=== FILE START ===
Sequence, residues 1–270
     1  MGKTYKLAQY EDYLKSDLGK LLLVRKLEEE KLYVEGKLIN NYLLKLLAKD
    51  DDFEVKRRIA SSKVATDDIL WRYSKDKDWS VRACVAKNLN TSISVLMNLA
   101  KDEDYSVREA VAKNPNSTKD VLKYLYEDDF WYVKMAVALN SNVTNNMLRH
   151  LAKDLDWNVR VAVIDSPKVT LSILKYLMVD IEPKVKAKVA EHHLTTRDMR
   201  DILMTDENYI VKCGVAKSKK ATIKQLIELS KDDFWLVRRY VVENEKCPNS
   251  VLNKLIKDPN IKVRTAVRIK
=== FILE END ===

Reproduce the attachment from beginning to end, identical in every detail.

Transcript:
Sequence, residues 1–270
     1  MGKTYKLAQY EDYLKSDLGK LLLVRKLEEE KLYVEGKLIN NYLLKLLAKD
    51  DDFEVKRRIA SSKVATDDIL WRYSKDKDWS VRACVAKNLN TSISVLMNLA
   101  KDEDYSVREA VAKNPNSTKD VLKYLYEDDF WYVKMAVALN SNVTNNMLRH
   151  LAKDLDWNVR VAVIDSPKVT LSILKYLMVD IEPKVKAKVA EHHLTTRDMR
   201  DILMTDENYI VKCGVAKSKK ATIKQLIELS KDDFWLVRRY VVENEKCPNS
   251  VLNKLIKDPN IKVRTAVRIK